See our Stroke Home Page for a full list of information relating to Stroke, Dysarthria, Aphasia, and startegies for improving communication.
Dysarthria and dysphonia
Dysarthria is a motor speech disorder caused by a neurological injury or disease and it can affect one or more of the speech mechanisms – respiration, phonation, resonance, prosody, articulation. The disorder occurs because the part of the brain that controls speech production is damaged, and the link from the brain to the muscles of speech is affected. Injury or disease to the speech muscles may also cause dysarthric like symptoms.
Dysphonia is a hoarseness, weakness or loss of voice. Following a stroke, disease, or trauma to the larynx (the “voice box”), there can be a paralysis of the vocal folds (often called the vocal chords) and weakness of the muscles relating to phonation (making sounds). Voice is powered by air from the lungs, the air passes through the larynx which contains the vocal folds. The vocal folds are 2 folds of muscle that meet together many times per second (approximately 125 per second for men and 210 times for woman) when we want to produce voice. The meeting together of the vocal folds creates the voice which resonates in the back of the throat (pharynx), oral and nasal cavities, and is then shaped into words by the speech muscles, the tongue, lips, facial muscles etc.
Dysarthria and/or dysphonia often occurs following a stroke and can affect a persons ability to speak, or speak clearly and easily. However, through therapy and the use of simple strategies an individual can improve their chances of being understood. For instance, having an awareness of your breathing (to improve volume), using shorter sentences, and emphasizing key words can make differences to intelligibility (how easily you are understood). Using simple communication aids can also give the listener cues and enhance intelligibility. A qualified speech and language pathologist / therapist can provide therapy exercises, help you develop strategies, and give you advice on assistive communication options.
Types of dysarthria
- Ataxic dysarthria can cause poor coordination of the speech muscles meaning that speech and volume is slow, erratic and irregular. Speech maybe explosive and extra stress may be put on syllables.
- Flaccid dysarthria can cause a breathy voice that is often nasal in quality (because of poor control of the soft palate). There is often an obvious paralysis or weakness of the facial muscles.
- Spastic dysarthria can cause a very slow, indistinct, monotone voice, and at times it may seem strained with some sounds being difficult to articulate.
- Hyperkinetic dysarthria presents with a harsh, strained voice.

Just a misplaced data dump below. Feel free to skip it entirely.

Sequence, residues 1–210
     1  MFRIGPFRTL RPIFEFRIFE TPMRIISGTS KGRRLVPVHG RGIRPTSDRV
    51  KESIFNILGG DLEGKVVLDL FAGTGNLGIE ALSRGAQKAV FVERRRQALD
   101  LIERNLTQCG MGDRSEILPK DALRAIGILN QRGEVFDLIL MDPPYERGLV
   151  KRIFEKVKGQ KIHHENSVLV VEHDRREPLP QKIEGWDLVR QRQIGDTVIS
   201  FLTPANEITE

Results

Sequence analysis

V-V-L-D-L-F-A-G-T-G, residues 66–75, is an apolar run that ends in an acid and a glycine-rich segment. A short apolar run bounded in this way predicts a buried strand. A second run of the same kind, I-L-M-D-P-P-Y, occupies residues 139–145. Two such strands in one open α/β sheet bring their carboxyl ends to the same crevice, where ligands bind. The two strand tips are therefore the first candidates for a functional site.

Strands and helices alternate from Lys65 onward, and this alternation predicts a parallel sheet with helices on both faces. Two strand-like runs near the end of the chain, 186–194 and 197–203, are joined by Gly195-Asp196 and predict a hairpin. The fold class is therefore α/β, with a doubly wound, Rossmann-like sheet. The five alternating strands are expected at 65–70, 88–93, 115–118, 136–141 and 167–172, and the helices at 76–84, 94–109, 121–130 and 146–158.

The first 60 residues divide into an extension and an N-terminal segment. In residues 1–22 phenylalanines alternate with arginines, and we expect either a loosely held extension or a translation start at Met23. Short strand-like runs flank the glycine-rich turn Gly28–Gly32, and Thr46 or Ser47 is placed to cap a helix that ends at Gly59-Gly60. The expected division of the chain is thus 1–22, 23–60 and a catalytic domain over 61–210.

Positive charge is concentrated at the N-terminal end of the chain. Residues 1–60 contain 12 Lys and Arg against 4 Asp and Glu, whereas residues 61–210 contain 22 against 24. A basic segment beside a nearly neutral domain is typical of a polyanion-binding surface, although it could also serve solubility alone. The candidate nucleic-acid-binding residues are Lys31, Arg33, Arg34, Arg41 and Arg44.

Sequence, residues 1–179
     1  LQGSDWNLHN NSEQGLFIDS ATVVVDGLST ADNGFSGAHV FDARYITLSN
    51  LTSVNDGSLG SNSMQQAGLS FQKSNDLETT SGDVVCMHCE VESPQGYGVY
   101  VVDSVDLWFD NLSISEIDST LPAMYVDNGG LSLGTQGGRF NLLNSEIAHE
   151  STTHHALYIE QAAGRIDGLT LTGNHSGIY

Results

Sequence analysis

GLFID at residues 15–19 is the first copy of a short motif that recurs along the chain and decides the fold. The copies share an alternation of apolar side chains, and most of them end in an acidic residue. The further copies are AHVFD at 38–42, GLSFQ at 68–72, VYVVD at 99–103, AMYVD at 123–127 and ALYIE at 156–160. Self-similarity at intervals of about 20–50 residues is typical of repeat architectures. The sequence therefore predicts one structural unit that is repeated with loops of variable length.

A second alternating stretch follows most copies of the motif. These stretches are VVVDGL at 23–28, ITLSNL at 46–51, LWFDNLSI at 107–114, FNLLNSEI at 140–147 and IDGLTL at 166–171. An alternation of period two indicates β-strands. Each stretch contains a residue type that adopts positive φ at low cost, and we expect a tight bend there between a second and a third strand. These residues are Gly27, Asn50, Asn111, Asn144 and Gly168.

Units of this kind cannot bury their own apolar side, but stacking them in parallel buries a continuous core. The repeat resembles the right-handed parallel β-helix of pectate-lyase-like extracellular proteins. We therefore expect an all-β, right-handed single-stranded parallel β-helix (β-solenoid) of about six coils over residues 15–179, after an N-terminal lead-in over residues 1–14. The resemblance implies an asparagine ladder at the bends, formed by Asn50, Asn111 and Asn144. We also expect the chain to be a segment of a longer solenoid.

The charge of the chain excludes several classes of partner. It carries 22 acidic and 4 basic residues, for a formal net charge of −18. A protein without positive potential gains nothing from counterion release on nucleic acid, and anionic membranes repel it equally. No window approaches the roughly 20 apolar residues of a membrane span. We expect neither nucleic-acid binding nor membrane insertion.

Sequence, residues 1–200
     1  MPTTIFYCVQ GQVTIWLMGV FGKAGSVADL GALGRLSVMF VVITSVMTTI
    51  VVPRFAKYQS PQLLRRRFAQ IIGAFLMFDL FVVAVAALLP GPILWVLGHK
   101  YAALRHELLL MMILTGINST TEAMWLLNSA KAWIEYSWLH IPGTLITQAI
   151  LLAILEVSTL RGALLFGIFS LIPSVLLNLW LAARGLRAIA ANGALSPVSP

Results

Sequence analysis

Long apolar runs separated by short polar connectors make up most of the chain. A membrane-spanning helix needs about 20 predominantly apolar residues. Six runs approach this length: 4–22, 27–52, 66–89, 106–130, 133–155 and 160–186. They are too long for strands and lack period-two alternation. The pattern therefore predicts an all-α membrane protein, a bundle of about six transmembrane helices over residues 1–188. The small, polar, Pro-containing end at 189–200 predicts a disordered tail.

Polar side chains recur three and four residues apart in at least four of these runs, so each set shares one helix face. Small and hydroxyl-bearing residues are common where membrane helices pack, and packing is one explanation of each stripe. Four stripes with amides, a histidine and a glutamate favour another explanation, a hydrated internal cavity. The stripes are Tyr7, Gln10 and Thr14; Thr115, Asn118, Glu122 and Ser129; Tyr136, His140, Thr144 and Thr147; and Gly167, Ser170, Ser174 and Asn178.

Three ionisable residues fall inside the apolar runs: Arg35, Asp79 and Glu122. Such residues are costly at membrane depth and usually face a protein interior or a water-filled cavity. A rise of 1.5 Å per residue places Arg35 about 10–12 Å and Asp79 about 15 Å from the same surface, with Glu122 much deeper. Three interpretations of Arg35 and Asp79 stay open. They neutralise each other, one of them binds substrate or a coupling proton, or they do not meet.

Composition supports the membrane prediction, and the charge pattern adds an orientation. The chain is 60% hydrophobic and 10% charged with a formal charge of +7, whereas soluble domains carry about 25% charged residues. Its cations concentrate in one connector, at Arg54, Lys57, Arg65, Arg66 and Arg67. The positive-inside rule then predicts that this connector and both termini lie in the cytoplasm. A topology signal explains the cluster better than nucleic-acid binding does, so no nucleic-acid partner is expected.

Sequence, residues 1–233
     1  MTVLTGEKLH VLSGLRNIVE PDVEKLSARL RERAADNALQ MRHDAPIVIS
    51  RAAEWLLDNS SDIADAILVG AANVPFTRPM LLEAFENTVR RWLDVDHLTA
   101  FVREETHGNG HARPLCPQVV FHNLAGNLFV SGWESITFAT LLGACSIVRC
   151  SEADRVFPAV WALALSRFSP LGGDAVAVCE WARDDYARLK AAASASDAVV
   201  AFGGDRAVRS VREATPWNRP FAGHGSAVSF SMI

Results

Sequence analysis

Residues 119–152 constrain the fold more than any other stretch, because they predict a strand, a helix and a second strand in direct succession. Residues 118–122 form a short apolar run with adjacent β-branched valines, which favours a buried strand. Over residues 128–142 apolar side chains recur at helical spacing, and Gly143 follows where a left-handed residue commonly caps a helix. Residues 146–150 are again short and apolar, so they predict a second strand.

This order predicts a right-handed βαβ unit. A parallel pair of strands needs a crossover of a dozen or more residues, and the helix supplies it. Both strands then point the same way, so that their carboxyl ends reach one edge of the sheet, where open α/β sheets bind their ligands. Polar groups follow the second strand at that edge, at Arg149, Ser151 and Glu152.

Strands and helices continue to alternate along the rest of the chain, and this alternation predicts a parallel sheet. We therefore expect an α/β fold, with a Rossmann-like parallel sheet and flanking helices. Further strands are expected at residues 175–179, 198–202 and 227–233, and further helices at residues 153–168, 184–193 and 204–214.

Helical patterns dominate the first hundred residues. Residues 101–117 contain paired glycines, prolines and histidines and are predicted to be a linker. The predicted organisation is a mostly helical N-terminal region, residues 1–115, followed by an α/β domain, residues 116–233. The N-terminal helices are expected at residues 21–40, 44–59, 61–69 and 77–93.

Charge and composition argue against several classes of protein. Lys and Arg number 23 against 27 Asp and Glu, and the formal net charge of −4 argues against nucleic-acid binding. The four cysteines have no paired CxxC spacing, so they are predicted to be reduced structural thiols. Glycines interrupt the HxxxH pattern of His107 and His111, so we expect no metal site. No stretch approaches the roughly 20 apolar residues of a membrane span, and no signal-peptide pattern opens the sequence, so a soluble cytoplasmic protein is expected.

- Hypokinetic dysarthria presents with a hoarse voice and low volume.
- A Mixed dysarthria can have a mix of the symptoms mentioned above, and will depend on the type of neuron damage as to whether speech is more harsh or breathy.
Muscle Exercises Following a Diagnosis of Dysarthria
There are a wide variety of exercises and approaches, and their use will depend on the severity and location of the brain lesion or the type of disorder causing dysarthria (e.g. cerebral palsy, traumatic brain injury, stroke etc). For instance, with flaccid dysarthria, muscle strengthening exercises may be appropriate, but for dysarthria that presents with increased muscle tone and poor coordination, relaxation exercises may need to be performed.
Breathing exercises may also be helpful, as poor breath control will affect volume and sentence length. Our lungs are the “bellows”, the power source that creates the energy for speech, and our breath has to be powerful enough to produce speech and it also has to be timed correctly.
Compensatory strategies may include, slowing speech (this is probably the most obvious way to become more intelligible), shortening sentence length between breathes, or producing each word, or syllable individually, rather than in a stream of connected speech.
Gesture or visuals
Individuals with speech difficulties can add gesture to their speech to give the listener another cue to help them understand. Have a book or sheet of pictures of common words, or an alphabet chart handy if you cannot make yourself understood. This can help cue people into what you are saying by putting them in the context of your conversation. See our Downloads Section for some printable Picture and Alphabet charts.
Evidence has shown that using an alphabet chart can greatly enhance intelligibility. Not just by spelling out entire words, but by just pointing to the initial letter/sound of a word often cues in the listener to the word you are trying to pronounce. See our Downloads Section for some printable Picture and Alphabet charts.
To see an icommunicate video about using Picture and Alphabet Charts to facilitate communication following a Stroke or Brain Injury, go to our Video Section.
Hi-tech Augmentative / Assistive communication aids
Depending on the degree of your dysarthria, it may be beneficial to use a hi-tech communication device. There are a range of these machines that offer speech output, either by typing your message or accessing visual symbols on a screen via touch or scanning. Lo-tech options such as an E-tram frame and partner assisted scanning can also work well for communication. More recently many individuals have used ipads with communication apps. To read more about assistive communication options go to our Downloads Section, or Assistive Communication Section.
For more information about communication difficulties, and ideas and strategies to help communication, see our Resources, or for specific fact-sheets and picture charts with helpful hints about Stroke and improving communication go to the Downloads Section.
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